He is an immensely talented chap, but surely there was no need for the way in which the quasi cadenzas and especially the trills were handled. They were so slow that all flow and pulse were destroyed and in the end we were left with a series of sectionalised features that bore little relevance to what the composer surely intended. The elongated timp feature, rep solos, euph and solo cornet lines became so detached that it didn’t make sense and spoilt all the good quality work that went before and after. Conducting without a score is a risky business as well, and there were times when things were going awry and needed a reference point for the MD to lock onto. Without the score, the band and conductor lost musical contact one too many times for comfort and the ensemble playing became loose.

The flugel horn however was outstanding and the treat of the day in the best cadenza we have heard anywhere this year, but even that sheer class couldn’t save the band from a third place that could and should have been so much better. There is always music to be made, but surely not in every bar of the piece.

JAG Mount Charles were our favourites for the title, but by the end of a disappointing performance we were left with the type of feeling that people get when they talk about “New Labour” and Tony Blair.

Their form has been good, but like Tony and his friends there may seem to be an argument that much has been done with the aid of smoke and mirrors, and that the substance may be missing. We don’t quite go along with that, but this was a hard reality check for a band that has ambitions to be contenders at the major contests.

Bryan Hurdley gave them a solid and uncomplicated foundation from which to work, but when it came to the crunch too many individual players failed to raise their game and it became a luck lustre performance that even considering what had gone before from their rivals, was a let down of major proportions. There is a very good band lurking here, but they will have to start playing like one if they are to really make a mark when the chips are down. 4th place was well off the pace as well as way off what they can really play like.

And with this, the audience disappeared as if there was a sale on the cheap beer at the nearby Yates wine bar, and even though they didn’t miss performances from both Thornbury and Aldbourne that were going to make a play for the top places, they were not performances without merit.

Thornbury had the experienced Nigel Seaman at the helm, and after a cautious start they gave it a brave stab, and even though much of the technical work was rushed and lacked clarity, they did produce a well balanced rounded sound that was never over blown for the first half of the piece.

The technical problems continued however, and some insecure solo playing meant that they lost points all too frequently. Nigel Seaman kept things on track with very composed direction, but it was a losing battle towards the end and tiredness led to the sound hardening and becoming forced and brash. Some neat touches from individual players meant that 9th place was secured, but we thought that was a good as it was going to get, and we think they would be happy with it too.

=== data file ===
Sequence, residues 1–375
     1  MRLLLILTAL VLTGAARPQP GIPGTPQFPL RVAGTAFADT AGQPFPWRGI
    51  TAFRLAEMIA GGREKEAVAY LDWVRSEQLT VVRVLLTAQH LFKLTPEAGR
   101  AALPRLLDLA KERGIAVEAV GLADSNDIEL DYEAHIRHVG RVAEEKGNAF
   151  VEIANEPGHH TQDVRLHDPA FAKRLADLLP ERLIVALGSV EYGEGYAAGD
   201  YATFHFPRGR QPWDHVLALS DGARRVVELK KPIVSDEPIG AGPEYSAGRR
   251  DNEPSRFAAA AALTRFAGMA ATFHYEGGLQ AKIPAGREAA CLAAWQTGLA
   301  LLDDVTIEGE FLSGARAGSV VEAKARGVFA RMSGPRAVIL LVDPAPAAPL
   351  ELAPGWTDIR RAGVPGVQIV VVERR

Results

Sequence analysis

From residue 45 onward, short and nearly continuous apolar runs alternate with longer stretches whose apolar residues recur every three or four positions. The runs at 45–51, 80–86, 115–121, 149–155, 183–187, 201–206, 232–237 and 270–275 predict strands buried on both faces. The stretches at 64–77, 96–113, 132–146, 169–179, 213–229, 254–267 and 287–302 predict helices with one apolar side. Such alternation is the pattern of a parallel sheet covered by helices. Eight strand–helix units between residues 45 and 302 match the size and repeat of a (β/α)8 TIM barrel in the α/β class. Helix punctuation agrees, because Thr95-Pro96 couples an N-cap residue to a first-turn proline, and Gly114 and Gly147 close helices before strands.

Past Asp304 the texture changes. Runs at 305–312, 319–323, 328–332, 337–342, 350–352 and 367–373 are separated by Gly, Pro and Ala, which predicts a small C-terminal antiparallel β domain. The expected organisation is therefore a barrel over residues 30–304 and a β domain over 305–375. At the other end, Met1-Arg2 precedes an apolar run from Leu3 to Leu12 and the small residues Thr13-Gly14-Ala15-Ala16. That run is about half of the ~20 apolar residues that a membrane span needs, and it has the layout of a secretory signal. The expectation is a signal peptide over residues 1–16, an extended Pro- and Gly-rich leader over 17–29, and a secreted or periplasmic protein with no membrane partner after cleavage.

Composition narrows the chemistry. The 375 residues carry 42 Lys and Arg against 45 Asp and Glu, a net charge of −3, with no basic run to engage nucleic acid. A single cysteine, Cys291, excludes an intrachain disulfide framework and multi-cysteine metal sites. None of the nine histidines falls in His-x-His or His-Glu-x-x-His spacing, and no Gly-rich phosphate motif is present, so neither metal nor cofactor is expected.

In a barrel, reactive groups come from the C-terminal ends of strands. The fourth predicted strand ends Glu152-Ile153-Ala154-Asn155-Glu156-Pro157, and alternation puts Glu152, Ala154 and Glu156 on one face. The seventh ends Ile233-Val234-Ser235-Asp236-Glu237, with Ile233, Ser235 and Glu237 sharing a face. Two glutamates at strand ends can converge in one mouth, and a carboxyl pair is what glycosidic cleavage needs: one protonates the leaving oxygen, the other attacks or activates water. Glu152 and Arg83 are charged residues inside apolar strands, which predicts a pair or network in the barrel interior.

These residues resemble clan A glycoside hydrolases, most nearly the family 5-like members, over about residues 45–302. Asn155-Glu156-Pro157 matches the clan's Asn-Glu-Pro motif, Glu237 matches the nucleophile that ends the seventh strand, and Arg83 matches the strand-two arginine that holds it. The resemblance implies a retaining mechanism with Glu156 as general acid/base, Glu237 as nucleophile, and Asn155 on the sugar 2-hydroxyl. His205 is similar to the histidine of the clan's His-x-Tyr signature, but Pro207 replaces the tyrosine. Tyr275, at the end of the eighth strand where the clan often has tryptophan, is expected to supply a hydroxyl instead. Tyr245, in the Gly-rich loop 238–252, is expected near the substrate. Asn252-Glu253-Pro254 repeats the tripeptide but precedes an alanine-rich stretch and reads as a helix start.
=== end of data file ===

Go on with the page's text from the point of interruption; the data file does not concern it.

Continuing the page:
Aldbourne also gave a brave account of themselves without ever suggesting they were going to come any higher than their eventual last place in the eleven band field.

Brian Grant gave solid direction and an interpretation that was sensible and well thought out, but his band just couldn’t come to terms with either the technical or musical challenges of the set work and by the end they fell away amid a litany of individual errors and mistakes and a tiredness that made they sound become forced and very harsh. No complaints with the result from Wiliam Relton or us we feel.

Yeovil and Philip Bailey were 10th of the 11 bands to give it a crack, and they really did make a good a fist of it. It was a little over blown at times and a lot of the detail suffered as they tried to maintain a fast and furious tempo in places, but overall there were more plus points than minuses as they continued through the work.

All the soloists played with style, with the flugel horn in particular superb, with a lovely sound and secure technique that made the extremely difficult cadenza sound very easy indeed. As it went on though the playing lost much of it’s zest and the dynamics became monosyllabic in character, but it retained enough quality and ended with a flourish. 6th place was well deserved.

Bournemouth Concert Brass were the last band to take the stage with Nigel Taken at the helm. As both Bournemouth and Nigel’s own band, Aveley and Newham have much the same uniform, it appeared he felt at home, and for much of the performance there was much to admire. However, all the good playing was spoilt by some truly awful tuning and this really marred what was a performance that had its moments.

The second man down had a busy day taking over all the cornet solos, but the decision to get the euph and solo cornet to stand during their operatic duet didn’t work and was unnecessary, as both had fine tones that were clearly heard when they played within the band ensemble. The sop did very well indeed to the accompaniment of an errant mobile phone and the band held together right to the end. Not really with the class to make it any higher up the listings, but still not too bad at all.

And with that it was all over. Opinions differed between the people we managed to talk to, but most thought it a straight fight between Camborne and Flowers with Woodfalls in with a chance. So much for that then.

Frank Renton made two very welcome awards of the Diplomas of Honour to Francis Edward Cowley for over 40 years of sterling banding service in the Swindon area, and to Malcolm Lewis from the Isle of White and the Shanklin Town Band, who was actually in the army with old Frank many a year ago.

William Relton then took centre stage and proceeded to say absolutely nothing, other than a very lame third hand joke about Sir Thomas Beecham and to say that the MD’s had to concentrate on all the different styles of playing that the music needed. Well I never!

Woodfalls were announced the winners – and well done to them for that, but we were left feeling that on this form, both they and Camborne will be very hard pressed to make any kind of mark come the Finals in October. Woodfalls were the best of a poor bunch on the day – a day when all the fancied runners failed to live up to expectations and left their form in the rehearsal rooms.